Exploring Perception, Cognition, and Neural Pathways of Stereo Vision and the Split–Brain Human Computer Interface

Exploring Perception, Cognition, and Neural Pathways of Stereo Vision and the Split–Brain Human Computer Interface

Gregory P. Garvey (Quinnipiac University, USA)
Copyright: © 2016 |Pages: 49
DOI: 10.4018/978-1-5225-0480-1.ch002
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Abstract

This chapter examines research from psychology of perception and cognition as well as select developments in the visual arts that inspired the design of the split-brain user interface developed for the interactive documentary Anita und Clarence in der Hölle: An Opera for Split-Brains in Modular Parts (Garvey, 2002). This experimental interface aims at ‘enhanced' interaction while creating a new aesthetic experience. This emergent aesthetic might also be described as induced artificial cognitive dissonance and recalls select innovations in the rise of modernism notably the experiments of the Surrealists. The split-brain interface project offers a model for further investigations of human perception, neural processing and cognition through experimentation with the basic principles of stereo and binocular vision. It is conceivable that such an interface could be a design strategy for augmented or virtual reality or even wearable computing. The chapter concludes with a short discussion of potential avenues for further experimentation and development.
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Introduction

Form is henceforth divorced from matter. In fact, matter as a visible object is of no great use any longer, except as the mould on which form is shaped. Give us a few negatives of a thing worth seeing, taken from different points of view, and that is all we want of it. (Oliver Wendell Holmes, 1859)

The split-brain user interface was first developed for the interactive installation Anita und Clarence in der Hölle (trans. “Anita and Clarence in Hell”): An Opera for Split-Brains in Modular Parts. This project used documentary video (C-SPAN 1991) from the 1991 Senate Judiciary Committee hearings on the nomination of Judge Clarence Thomas to be Associate Justice of the United States Supreme Court (United States Congress Senate Committee on the Judiciary 1993). During these televised hearings lawyer Anita Hill came forward to testify under oath and accused nominee Clarence Thomas of sexual harassment when she worked under him at the United States Equal Opportunity Employment Commission in Washington, D.C. Thomas vehemently denied these charges as “a high tech lynching.” On October 15, 1991 the full Senate voted 52 to 48 to confirm Thomas as a Justice on the United States Supreme Court.

The split-brain interface presents the testimony of Anita Hill simultaneously with that of Clarence Thomas before the Senate Judiciary Committee. The principle behind a split-brain interface is to deliver two independent video and audio streams separately to each eye and ear so that the content of those streams is experienced or perceived independently and simultaneously by each hemisphere of the brain.

These two diametrically opposed versions of the same events delivered in parallel to each hemisphere of the brain induce a kind of artificial cognitive dissonance. The right and left hemisphere of the viewer hears a different version of the events. The ‘whole’ brain is left to sort out the truth.

The title of the original installation (Garvey 2002), “refers literally to the ordeal of the two main participants. It is a story with tragic characters, a clear conflict and a well-defined beginning, middle and end. In the tradition of grand opera, it is an epic narrative that emerged from the realm of the personal and private to play out on the national televised stage. Against a backdrop of gender, race and class, this drama pits the political forces of the right and left, and a man and a woman, against one another in a lurid spectacle of ‘she said, he said.’” This work was originally developed as a co-production at the Banff New Media Institute in Alberta, Canada (Banff Centre 1999) during a residency and was later part of the exhibition Sleuthing the Mind in the fall of 2014 at Pratt Manhattan Gallery in New York City curated by Ellen K. Levy (2014).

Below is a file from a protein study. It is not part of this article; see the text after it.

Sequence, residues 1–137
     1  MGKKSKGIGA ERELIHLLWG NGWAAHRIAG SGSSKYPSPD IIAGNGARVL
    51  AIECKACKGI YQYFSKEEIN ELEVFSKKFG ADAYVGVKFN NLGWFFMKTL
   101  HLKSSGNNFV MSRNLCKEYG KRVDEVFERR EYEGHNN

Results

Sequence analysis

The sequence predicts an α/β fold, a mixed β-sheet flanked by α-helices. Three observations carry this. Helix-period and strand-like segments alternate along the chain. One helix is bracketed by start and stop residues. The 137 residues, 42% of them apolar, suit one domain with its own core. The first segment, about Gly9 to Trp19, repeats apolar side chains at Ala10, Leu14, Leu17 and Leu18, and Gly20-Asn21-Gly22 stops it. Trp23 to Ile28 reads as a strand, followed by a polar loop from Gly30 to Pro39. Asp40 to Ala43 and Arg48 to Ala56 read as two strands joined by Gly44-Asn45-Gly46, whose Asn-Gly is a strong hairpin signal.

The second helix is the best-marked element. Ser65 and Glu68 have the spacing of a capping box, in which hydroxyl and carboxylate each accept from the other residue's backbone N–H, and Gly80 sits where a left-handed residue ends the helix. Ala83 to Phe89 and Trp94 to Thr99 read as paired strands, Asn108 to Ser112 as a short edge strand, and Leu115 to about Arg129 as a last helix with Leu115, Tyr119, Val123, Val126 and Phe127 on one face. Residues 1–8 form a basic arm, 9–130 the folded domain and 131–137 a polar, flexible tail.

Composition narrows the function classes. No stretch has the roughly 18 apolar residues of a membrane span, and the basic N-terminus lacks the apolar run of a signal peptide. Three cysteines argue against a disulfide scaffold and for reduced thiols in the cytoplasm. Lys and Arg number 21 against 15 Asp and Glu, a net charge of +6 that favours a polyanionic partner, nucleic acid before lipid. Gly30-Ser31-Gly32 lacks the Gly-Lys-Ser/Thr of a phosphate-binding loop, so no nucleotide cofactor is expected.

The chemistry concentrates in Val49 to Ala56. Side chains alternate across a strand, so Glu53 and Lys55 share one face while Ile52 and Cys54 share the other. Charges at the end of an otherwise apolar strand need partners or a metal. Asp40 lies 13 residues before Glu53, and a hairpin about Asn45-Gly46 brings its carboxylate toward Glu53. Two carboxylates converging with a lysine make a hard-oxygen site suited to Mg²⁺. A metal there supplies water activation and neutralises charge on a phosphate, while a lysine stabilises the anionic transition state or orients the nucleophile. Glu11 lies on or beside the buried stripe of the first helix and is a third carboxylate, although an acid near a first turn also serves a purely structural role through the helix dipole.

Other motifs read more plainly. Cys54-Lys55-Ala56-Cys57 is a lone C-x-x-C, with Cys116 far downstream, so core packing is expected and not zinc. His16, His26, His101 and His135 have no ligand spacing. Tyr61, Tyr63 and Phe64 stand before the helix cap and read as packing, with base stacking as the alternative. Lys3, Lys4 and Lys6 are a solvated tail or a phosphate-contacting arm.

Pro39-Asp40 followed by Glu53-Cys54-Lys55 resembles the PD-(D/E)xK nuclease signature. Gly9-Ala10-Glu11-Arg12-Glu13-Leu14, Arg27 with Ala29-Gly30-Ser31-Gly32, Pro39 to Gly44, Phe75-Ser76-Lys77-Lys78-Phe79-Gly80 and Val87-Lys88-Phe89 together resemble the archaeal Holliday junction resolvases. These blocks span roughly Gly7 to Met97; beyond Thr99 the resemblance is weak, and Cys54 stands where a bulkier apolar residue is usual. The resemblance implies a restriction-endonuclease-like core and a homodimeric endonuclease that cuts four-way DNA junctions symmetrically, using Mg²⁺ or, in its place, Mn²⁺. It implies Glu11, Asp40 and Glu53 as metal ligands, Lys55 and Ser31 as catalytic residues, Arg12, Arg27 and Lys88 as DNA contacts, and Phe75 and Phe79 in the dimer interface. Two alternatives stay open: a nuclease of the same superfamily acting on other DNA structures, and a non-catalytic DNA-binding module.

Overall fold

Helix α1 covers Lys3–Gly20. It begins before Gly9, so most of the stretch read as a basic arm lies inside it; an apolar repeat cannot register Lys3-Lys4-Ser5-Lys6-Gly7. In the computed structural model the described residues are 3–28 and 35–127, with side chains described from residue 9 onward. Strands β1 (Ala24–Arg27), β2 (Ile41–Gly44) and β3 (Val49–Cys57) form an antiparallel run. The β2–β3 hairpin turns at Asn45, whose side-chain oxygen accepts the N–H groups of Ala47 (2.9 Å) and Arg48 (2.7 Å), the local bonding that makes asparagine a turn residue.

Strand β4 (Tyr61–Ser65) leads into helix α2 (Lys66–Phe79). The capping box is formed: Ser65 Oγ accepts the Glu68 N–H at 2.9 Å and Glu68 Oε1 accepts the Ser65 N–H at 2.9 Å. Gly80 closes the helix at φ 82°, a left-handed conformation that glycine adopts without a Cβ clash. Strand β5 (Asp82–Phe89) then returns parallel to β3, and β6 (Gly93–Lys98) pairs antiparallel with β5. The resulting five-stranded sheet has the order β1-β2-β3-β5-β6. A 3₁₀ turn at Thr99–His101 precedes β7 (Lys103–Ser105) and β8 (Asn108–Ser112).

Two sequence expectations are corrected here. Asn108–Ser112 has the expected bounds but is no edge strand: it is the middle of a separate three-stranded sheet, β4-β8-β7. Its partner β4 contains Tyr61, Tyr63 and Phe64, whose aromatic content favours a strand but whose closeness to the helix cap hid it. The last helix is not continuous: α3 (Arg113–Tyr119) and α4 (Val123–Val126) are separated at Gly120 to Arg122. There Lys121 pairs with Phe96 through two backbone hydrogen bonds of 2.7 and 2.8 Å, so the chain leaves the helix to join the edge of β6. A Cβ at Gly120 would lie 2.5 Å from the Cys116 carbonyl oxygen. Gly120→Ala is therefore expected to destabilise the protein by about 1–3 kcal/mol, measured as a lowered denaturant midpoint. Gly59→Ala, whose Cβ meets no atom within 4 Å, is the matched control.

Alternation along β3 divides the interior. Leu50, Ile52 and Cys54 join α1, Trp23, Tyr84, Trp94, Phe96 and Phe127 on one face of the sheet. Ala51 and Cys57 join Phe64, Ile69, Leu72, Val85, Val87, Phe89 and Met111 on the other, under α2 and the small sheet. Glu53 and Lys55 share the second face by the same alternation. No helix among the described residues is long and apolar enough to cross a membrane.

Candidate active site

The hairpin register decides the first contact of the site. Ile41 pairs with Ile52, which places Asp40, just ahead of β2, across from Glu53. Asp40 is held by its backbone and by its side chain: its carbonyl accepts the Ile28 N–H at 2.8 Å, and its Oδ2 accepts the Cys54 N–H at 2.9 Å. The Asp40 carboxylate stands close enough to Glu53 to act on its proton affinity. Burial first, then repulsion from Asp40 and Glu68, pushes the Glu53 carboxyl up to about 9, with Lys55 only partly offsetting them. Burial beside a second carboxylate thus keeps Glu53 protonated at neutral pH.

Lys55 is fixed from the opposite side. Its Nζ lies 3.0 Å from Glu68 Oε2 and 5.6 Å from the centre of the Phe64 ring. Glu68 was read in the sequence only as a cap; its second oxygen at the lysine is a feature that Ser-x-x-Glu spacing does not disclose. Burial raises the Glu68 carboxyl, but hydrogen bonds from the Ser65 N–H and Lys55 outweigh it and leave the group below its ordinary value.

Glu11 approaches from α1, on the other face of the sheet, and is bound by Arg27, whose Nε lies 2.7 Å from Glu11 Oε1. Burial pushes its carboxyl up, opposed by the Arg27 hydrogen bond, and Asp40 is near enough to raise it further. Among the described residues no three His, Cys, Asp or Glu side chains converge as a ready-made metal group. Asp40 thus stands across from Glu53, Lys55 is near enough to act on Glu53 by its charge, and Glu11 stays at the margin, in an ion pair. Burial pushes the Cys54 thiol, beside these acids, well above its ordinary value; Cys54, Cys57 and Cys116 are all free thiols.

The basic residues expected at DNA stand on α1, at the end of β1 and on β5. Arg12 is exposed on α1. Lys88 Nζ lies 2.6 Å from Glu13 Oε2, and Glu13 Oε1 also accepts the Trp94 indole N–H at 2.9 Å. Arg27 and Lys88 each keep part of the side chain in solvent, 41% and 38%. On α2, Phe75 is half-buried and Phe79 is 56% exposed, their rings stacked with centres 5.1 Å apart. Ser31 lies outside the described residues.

The original prototype developed at the Banff Centre required the viewer to wear the Virtual Research Systems Head Mounted Display (1998–2000) to view the digital video. The 2014 installation at the Pratt Manhattan Gallery used the ScreenScope (Stereo Aids, n.d.) handheld mirror stereoscope for viewing the digital video displayed side-by-side on a large flat screen display (Figure 1 shows the Screenscope and monitor at the Pratt Manhattan Gallery). Normally a stereoscope creates the perception of depth by projecting two slightly different images to each eye. The brain fuses these two images into a single coherent percept (perception) of three dimensions.

Figure 1.

The ScreenScope Stereoscopic Viewer for the split-brain (dichoptic) interface: Thomas v. Hill (1999/2014) at Pratt Manhattan Gallery in New York City curated by Ellen K. Levy

(© 2015, Gregory P. Garvey. Used with permission)

When the two eyes receive independent images this is technically known “dichoptic” stimulation (Blake 2005). The split-brain or dichoptic interface uses the ScreenScope viewer so the left eye sees only video of Anita Hill and simultaneously the right eye only sees the video of Clarence. Therefore this video installation included in the Sleuthing the Mind exhibit was titled The Split-Brain (Dichoptic) Interface: Thomas v. Hill (1999/2014). Through headphones the left ear hears only the testimony of Anita Hill while the right ear hears that of Clarence Thomas (Figures 2 and 3 show a user viewing the installation).

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